I was not an enthusiastic reader as a child, nor in my early adolescence for that matter. I read what I had to in primary school and poured my energies into playing, making money, cleaning my bedroom and, then, in my late childhood and adolescence, organized sport. I tried to make money in many ways and, after making it, spending it; I liked watching TV and then listening to music after my mother sold the lighted chirping box. I liked having fun with my friends through all the stages of childhood and adolescence during which I grew from a neonate in the summer of 1944 to puberty in 1957, and then to early adulthood at university in the mid-1960s. I attended meetings with my parents in the Co-operative Commonwealth Federation Party, in the churches of various Christian denominations and in a new religion which had been in Canada for only half a century at the time—the Baha’i Faith.
In all of this I never came across Beatrix Potter’s children’s books and, if I did, I do not recall the experience. As I gaze back at those halcyon years more than half a century later, I can say that I have just begun to learn about this famous children’s writer. Potter died just seven months before I was born during that horrendous WW2. She was a woman ahead of her time. She saw the money-making potential in her most famous character and created the first patented soft-toy in 1903. He was Peter Rabbit—-the oldest licensed toy character. She also left an astounding legacy of stories, characters, art and 4000 acres of unspoiled landscape to the world by means of England’s National Trust.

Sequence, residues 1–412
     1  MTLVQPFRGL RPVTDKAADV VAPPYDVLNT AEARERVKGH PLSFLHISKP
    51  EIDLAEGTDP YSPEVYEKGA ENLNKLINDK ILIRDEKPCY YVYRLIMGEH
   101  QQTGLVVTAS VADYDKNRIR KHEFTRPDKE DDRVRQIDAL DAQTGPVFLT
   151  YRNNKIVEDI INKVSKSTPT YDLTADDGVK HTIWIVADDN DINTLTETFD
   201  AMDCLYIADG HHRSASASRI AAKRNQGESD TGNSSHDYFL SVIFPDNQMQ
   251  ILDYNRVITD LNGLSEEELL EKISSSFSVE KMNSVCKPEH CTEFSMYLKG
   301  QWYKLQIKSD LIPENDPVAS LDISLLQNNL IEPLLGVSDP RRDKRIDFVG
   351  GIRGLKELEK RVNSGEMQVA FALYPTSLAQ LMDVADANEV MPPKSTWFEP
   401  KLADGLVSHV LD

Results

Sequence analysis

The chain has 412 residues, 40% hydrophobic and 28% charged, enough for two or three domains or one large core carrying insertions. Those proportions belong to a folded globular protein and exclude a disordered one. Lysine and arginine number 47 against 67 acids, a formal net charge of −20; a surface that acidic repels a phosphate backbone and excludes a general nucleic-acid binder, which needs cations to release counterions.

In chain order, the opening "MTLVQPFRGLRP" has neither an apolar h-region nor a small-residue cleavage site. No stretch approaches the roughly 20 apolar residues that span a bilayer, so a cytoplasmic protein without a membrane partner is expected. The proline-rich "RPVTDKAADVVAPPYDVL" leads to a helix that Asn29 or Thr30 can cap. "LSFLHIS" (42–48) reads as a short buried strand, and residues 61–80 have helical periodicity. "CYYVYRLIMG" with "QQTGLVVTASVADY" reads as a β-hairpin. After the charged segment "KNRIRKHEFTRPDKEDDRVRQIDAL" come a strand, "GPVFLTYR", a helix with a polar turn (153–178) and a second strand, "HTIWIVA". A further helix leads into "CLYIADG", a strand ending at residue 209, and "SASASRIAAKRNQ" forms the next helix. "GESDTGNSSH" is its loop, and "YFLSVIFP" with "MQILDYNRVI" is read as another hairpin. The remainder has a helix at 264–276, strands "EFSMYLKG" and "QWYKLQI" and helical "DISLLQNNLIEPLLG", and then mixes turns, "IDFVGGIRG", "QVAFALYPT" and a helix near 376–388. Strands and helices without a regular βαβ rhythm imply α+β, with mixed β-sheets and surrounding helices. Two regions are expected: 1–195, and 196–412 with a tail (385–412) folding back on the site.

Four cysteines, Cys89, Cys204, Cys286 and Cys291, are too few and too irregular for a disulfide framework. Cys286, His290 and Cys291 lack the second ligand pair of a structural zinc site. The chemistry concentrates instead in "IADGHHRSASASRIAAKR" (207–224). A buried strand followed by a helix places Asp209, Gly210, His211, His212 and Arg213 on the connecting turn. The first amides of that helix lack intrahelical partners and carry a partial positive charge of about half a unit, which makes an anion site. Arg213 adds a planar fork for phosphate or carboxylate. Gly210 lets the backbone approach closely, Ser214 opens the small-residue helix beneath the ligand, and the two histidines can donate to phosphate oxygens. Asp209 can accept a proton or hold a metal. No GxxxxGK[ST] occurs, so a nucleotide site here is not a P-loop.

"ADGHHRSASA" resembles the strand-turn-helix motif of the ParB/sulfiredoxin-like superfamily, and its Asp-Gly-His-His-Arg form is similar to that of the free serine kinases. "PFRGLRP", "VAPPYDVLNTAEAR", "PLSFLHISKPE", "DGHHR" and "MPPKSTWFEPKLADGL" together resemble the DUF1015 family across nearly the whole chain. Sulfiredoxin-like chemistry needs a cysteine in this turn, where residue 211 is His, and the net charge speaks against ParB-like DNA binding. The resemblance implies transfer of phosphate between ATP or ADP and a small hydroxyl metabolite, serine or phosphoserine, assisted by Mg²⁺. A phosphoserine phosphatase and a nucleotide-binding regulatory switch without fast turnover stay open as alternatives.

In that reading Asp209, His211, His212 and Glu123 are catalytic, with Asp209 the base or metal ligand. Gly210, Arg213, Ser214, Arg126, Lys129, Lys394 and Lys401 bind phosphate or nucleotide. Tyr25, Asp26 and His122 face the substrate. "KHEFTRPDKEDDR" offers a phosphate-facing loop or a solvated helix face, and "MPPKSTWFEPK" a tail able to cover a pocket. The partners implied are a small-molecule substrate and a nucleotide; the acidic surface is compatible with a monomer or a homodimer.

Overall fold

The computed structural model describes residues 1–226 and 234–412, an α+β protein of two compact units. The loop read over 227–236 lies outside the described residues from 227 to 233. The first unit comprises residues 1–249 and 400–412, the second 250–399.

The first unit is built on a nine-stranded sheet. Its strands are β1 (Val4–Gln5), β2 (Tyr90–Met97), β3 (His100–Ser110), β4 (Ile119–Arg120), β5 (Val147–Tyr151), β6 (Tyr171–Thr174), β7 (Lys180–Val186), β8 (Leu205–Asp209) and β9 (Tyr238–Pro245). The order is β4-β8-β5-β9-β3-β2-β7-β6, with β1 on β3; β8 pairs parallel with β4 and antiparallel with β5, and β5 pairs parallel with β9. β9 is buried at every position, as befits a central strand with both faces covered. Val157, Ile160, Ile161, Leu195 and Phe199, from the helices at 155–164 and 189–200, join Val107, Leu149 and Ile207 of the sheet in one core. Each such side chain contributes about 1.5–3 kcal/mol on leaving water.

ABC1 screened Miss Potter one year ago, at 8:30 on Christmas Day 2010. This delightful story of her life from the age of 32 to 47, from about 1898 to about 1913, was a most fitting bit of TV for Christmas Day in Australia. Potter is a post-Victorian and pre-modern writer. Her work is not a moralizing series of books; indeed, one critic calls her work “close to a series of immoral tales.”(1)